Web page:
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Bacterial and fungal infections are a recognised complication of respiratory viral illnesses, occurring in ~ 23% [1] and ~ 10% [2] of severe influenza patients respectively, and are associated with critical illness and mortality. Bacterial and fungal infections in COVID-19, however, appear to be less frequent (8.8%) [3] and are largely hospital-acquired [3,4,5,6]. Despite this, antimicrobial prescribing early in the pandemic was reported to be ~ 75–85% [4, 7], although detailed class-specific antimicrobial consumption data are scarce.

Few data exist regarding the impact of immunomodulatory therapies on the incidence of secondary infection and antimicrobial prescribing practice. Immunomodulatory drugs including steroids and interleukin 6 (IL-6) inhibitors are now recommended to manage dysfunctional hyperinflammation in severe COVID-19 [8]. The cytokine signalling pathways blocked by IL-6 inhibition, coupled with the inhibitory effect of steroids on neutrophil and macrophage function, may impair local and systemic immune responses to infection [9, 10], potentially increasing the risk of secondary infection. In turn, this perceived increased infection risk may also affect antimicrobial prescribing practice for patients with COVID-19.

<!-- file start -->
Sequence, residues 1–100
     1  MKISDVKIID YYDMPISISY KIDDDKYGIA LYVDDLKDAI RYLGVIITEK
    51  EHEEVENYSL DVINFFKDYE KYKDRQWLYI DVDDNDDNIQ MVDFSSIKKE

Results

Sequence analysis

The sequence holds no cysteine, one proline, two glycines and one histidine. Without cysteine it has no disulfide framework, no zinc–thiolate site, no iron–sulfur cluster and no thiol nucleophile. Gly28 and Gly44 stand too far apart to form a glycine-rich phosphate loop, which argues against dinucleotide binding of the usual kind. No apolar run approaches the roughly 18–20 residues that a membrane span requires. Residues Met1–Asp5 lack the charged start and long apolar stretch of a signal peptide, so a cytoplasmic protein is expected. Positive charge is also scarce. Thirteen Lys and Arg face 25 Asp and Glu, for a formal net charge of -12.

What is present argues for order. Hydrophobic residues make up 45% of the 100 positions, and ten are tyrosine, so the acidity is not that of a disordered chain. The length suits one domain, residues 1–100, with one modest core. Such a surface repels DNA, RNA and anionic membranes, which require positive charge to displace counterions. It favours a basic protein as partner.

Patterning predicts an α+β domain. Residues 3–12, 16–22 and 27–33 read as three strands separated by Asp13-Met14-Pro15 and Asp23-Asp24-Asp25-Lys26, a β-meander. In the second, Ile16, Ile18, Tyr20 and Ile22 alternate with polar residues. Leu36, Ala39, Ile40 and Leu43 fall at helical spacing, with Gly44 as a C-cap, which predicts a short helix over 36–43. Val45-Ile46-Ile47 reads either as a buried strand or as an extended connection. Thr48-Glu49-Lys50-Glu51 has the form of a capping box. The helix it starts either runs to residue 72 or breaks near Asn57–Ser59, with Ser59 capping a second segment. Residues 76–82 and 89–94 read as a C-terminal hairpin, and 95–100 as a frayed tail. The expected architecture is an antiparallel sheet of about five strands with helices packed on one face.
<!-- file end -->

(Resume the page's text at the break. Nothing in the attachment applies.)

The aims of our study were to identify the incidence of co- and secondary bacterial and fungal infections in hospitalized patients with severe COVID-19 during the first wave of the UK pandemic; to assess antimicrobial consumption; and to identify any association between exposure to immunosuppressive therapies and risk of COVID-related infections and antimicrobial use.


Study design, cohort selection and setting

This retrospective observational cohort study included adult (≥ 18 years) patients admitted to a ward or intensive care unit (ICU) at St George’s University Hospital, a 1000-bed teaching hospital in London, UK, with confirmed, severe COVID-19 infection between 1st March and 10th June 2020.